GOP senator: 'There is no realistic comparison' between antifa and white supremacists

GOP senator: 'There is no realistic comparison' between antifa and white supremacists
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Sen. Tim ScottTimothy (Tim) Eugene ScottMcConnell names Senate GOP tax conferees GOP senator: Trump shouldn't pardon Flynn Trump should fill CFPB vacancy with Export-Import chief MORE (R-S.C.) said “there is no realistic comparison” between white supremacists and anti-fascist groups after his one-on-one meeting with President Trump on Wednesday.

“In yesterday’s meeting, Senator Scott was very, very clear about the brutal history surrounding the white supremacist movement and their horrific treatment of black and other minority groups,” Scott said in a statement. “Antifa is bad and should be condemned, yes, but white supremacists have been killing and tormenting black Americans for centuries.”

“There’s no realistic comparison. Period,” he continued.

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Scott’s statement came after Trump spoke to reporters on Air Force One about his meeting with Scott and their discussion on violence in Charlottesville, Va., last month at a white supremacist rally.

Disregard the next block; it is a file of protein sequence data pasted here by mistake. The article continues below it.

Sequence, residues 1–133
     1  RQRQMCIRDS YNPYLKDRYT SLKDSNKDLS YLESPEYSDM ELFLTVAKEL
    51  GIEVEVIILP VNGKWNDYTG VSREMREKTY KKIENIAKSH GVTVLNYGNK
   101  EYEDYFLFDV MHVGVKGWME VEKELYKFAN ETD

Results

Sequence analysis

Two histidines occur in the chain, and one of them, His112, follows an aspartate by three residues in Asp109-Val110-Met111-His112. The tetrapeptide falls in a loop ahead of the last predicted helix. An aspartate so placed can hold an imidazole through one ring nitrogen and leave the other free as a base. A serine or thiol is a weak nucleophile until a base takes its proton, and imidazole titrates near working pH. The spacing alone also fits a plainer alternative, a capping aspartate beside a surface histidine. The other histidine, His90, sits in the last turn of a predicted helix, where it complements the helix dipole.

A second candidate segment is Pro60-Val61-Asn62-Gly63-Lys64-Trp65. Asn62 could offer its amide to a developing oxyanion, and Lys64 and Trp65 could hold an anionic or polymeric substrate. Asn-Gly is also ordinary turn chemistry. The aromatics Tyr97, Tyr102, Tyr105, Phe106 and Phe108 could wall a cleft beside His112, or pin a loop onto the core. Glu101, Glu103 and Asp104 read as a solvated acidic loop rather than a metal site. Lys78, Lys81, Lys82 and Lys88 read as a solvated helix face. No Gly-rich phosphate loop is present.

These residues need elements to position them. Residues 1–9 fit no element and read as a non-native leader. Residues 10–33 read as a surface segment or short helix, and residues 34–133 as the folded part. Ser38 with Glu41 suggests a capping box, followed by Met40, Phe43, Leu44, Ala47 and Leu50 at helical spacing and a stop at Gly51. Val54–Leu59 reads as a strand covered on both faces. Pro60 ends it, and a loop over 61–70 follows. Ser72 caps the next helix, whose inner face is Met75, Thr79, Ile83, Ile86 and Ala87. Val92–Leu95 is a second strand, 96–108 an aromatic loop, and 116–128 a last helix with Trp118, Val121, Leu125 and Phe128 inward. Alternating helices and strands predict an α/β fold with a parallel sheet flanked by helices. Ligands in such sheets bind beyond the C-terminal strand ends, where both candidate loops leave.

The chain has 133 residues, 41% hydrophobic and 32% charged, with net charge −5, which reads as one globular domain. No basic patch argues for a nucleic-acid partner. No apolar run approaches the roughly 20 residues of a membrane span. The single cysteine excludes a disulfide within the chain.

After the rally, Trump said there was blame on "both sides" of the rally. On Thursday, he doubled down, telling reporters that there were, “some pretty bad dudes on the other side also.”

“We had a great talk yesterday,” Trump said when asked about his meeting with Scott. “I think especially in light of the advent of antifa, if you look at what’s going on there. You have some pretty bad dudes on the other side also and essentially that’s what I said.”

“Now because of what’s happened since then with antifa. When you look at really what’s happened since Charlottesville, a lot of people are saying and people have actually written, ‘Gee, Trump may have a point.’ I said there’s some very bad people on the other side also,” Trump continued.

Scott, the Senate’s lone black Republican, said he tried to educate Trump on “the real picture” surrounding the violence last month that left a counterprotester dead and injured more than a dozen others.

“It has to do with the affirmation of hate groups who over three centuries of this country’s history have made it their mission to create upheaval in minority communities as their reason for existence,” Scott said.

Scott had said Wednesday he was “encouraged” after the meeting with Trump.